A few months ago a website wanted to pay me good money to go to Santos and write a profile piece on the team’s young striker Gabriel ‘Gabigol’ Barbosa. And I ended up talking myself out of a lucrative commission.
The idea started to lose appeal when he did little of note at the start of the year in the South American Under-20 Championships. And it died a death when he was not even selected for the World Under-20 Cup in New Zealand. If he could not even got on the plane, how could we justify a piece arguing that here was the next big thing?
But something about the proposal bothered me from day one. The whole approach, the ‘this is the next one off the production line’ thing was, it seemed to me, rooted in antiquity. It was as if ‘7-1’ had never happened.
That is not to say that the Brazilian production line has stopped working. There will always be players coming through in Brazil. Factor in the size of the country, the importance of the game to the local culture – and the existence of the global market in footballers. There is money to be made from scouting for gems.
But those involved in youth development would all seem to be singing from the same song sheet. Year by year, they say, the quality is going down. And they usually agree on where the blame should be pointed – the decline of street, park, wasteland football. As a catch-all term, I shall refer to it hereafter as informal football.
European specialists have been lamenting this for years, for there is no better school of natural talent. Even the Barcelona academy, so proficient at producing midfielders with a range of passing and an understanding of the game, struggles to produce those who are capable of the kind of inspiration which cannot be taught. They buy in their one-on-one specialists from South America. Surely the secret of Lionel Messi is, as footballing philosopher Jorge Valdano argues, that he is a perfect synthesis of the Barcelona academy and old fashioned Argentine street football. Alongside him, they tried out Chile’s Alexis Sanchez before settling on their MSN attack, with Uruguay’s Luis Suarez and Neymar of Brazil.
Ah, Neymar – the proof that Brazilian football can continue to come up with top level talent. The former Santos prodigy is clearly a remarkably skilful player, with a rich range of improvisations at pace. There is, though, something different about him, something which cuts him off from some of the players of the past – his dependence on the referee.
For Neymar is less an old fashioned street footballer than a product of modern hot-housing, his potential identified early and groomed since then in a controlled environment. One of the strongest characteristics of informal football, all over the planet, is an anarchic approach to law enforcement. Usually the only rule which is ever obeyed is hand ball. That aside, it can be a free-for –all, where the skilful have to come up with a self-defence strategy. In the more regulated environment of futsal, the presence of a referee serves as a guarantor of some kind of order.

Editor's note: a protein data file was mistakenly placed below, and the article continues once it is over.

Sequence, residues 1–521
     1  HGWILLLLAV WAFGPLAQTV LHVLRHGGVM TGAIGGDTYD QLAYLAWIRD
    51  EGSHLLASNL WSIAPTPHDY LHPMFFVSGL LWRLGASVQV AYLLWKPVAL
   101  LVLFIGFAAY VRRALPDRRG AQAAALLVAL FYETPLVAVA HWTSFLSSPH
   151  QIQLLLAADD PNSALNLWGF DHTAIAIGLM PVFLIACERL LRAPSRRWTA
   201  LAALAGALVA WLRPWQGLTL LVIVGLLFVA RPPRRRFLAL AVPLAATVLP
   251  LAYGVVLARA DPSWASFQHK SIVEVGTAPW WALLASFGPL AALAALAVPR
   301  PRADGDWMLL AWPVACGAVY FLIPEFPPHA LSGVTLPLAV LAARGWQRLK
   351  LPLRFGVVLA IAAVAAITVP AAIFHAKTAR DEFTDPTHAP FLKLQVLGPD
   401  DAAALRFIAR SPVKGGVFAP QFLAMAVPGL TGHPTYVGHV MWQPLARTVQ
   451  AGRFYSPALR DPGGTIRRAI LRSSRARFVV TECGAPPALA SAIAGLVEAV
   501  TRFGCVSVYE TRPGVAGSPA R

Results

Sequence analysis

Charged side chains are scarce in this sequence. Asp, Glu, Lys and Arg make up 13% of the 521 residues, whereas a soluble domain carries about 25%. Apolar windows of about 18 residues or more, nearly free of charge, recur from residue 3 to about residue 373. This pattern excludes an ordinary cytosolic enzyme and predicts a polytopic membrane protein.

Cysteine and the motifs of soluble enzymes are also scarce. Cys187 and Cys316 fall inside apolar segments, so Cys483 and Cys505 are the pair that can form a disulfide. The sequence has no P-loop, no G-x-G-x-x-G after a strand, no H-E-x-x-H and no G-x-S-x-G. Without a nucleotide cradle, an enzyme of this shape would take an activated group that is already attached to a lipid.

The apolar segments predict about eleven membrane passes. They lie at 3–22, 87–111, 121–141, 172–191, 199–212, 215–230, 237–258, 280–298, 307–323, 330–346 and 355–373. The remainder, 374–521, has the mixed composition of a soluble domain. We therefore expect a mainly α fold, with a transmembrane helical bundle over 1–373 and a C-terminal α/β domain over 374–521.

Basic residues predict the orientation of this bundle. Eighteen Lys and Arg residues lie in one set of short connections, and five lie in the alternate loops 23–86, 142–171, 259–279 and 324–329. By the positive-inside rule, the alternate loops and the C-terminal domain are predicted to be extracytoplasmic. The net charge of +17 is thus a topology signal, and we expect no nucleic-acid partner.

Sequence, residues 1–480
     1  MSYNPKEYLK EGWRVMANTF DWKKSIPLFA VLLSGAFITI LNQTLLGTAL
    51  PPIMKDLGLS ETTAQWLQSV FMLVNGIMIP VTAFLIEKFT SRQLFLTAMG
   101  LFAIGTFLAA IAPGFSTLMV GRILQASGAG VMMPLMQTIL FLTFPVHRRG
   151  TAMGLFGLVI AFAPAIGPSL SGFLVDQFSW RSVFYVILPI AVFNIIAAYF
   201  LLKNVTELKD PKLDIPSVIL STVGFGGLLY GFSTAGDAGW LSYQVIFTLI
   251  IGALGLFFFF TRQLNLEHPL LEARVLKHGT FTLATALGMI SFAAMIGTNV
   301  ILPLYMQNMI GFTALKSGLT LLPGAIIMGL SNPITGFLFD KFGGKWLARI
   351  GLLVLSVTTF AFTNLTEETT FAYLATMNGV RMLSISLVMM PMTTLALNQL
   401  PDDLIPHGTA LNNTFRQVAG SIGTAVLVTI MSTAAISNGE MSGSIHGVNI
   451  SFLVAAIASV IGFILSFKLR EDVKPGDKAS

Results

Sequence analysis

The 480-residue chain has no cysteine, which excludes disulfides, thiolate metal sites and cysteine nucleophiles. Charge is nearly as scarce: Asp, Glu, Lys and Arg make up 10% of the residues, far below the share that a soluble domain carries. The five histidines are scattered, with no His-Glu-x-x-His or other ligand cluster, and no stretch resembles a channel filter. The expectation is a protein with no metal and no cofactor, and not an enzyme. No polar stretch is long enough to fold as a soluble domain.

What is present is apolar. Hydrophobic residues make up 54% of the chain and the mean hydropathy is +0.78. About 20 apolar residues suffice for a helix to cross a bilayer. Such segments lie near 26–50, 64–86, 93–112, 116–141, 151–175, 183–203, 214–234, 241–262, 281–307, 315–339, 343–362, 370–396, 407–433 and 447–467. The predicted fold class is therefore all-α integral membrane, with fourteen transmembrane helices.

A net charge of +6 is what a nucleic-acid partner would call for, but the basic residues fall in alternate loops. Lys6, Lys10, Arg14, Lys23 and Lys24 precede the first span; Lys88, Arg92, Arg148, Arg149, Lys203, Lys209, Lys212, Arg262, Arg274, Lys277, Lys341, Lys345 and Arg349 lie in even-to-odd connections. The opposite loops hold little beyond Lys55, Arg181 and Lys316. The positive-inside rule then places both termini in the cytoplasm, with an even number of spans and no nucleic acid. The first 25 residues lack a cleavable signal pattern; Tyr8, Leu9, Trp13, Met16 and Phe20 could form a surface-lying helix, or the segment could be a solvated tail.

Neymar, then, has grown up with a self defence strategy entirely dependent on the referee. It means that there is always the potential for friction, especially since he has his own criteria for what constitutes a foul. All of this boiled over during the Copa America in Brazil’s match defeat to Colombia. Under pressure from the need to carry the team on his back, frustrated by a first class marking job performed on him by Carlos Sanchez, Neymar ended up losing his self control, abusing the referee and picking up a four match suspension. The more old fashioned street footballers grew up without the luxury of taking it for granted that they would be protected by a referee.
Informal football in Brazil remains stronger than it is these days in Europe. But it is under attack for some of the same reasons behind its decline on the other side of the Atlantic – more gadgets giving kids a wider range of leisure options. There are also more specific ‘developing world’ factors – urban expansion eating up some of the old spaces, and urban violence rendering unsafe some of those that remain. Its decline is bad news – for there has never been a better training ground for the development of footballing talent.